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Child Exploitation
03/16/2012

Maryland man sentenced to prison for possessing child pornography

BALTIMORE — A Maryland man was sentenced to three years in federal prison for possessing child pornography following an investigation by U.S. Immigration and Customs Enforcement's (ICE) Homeland Security Investigations (HSI), the FBI and the Baltimore County Police Department.

Dagoberto Castaneda, 33, a citizen of El Salvador and a resident of Pikesville, Md., was sentenced March 16 by U.S. District Judge James K. Bredar to three years in prison followed by 10 years of supervised release. As a consequence of his conviction, Castaneda will be subject to removal from the United States when he has completed serving his sentence. Judge Bredar ordered that upon his release from prison, Castaneda must register as a sex offender in the place where he resides, where he is an employee, and where he is a student, under the Sex Offender Registration and Notification Act.

According to the plea agreement, on Feb. 28, 2011, an undercover Baltimore County detective downloaded three video files and a "shared" folder from Castaneda's computer file-sharing programs. On March 15, 2011, officers executed a search warrant at Castaneda's residence and seized a laptop and desktop computer, along with their hard drives, which were found to contain more than 600 images of minors, including minors under the age of 12, engaged in sexually explicit conduct. Castaneda had been running a variety of file-sharing programs over an extended period of time. There were 1,580 upload sessions involving others receiving files from Castaneda on one file-sharing program, and Castaneda had run 582 download sessions.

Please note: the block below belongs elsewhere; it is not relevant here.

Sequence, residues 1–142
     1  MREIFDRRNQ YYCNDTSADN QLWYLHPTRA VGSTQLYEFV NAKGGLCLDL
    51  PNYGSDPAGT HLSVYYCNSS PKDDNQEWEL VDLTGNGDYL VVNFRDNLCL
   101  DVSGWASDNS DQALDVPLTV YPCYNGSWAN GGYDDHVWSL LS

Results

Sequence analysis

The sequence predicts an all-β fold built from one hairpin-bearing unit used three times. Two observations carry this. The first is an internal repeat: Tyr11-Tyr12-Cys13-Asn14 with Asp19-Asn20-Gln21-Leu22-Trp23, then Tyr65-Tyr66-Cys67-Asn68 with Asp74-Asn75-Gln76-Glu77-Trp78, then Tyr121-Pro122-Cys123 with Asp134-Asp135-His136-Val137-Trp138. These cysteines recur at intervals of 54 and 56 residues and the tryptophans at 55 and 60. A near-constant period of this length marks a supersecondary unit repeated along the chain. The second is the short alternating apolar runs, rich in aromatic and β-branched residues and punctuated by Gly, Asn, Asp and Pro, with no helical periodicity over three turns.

This investigation was part of Operation Predator, a nationwide HSI initiative to protect children from sexual predators, including those who travel overseas for sex with minors, Internet child pornographers, criminal alien sex offenders and child sex traffickers. HSI encourages the public to report suspected child predators and any suspicious activity through its toll-free hotline at 1-866-DHS-2ICE or its online tip form. Both are staffed around the clock by investigators.

This case was brought as part of Project Safe Childhood (PSC), a nationwide initiative launched in May 2006 by the Department of Justice to combat the growing epidemic of child sexual exploitation and abuse. Led by the United States Attorneys' Offices and the Criminal Division's Child Exploitation and Obscenity Section, PSC marshals federal, state and local resources to locate, apprehend and prosecute individuals who sexually exploit children, and to identify and rescue victims. For more information about PSC and internet safety education, please visit www.usdoj.gov/psc.

The Baltimore County State's Attorney's Office assisted in the investigation and prosecution.

The case was prosecuted by Assistant U.S. Attorney Judson T. Mihok.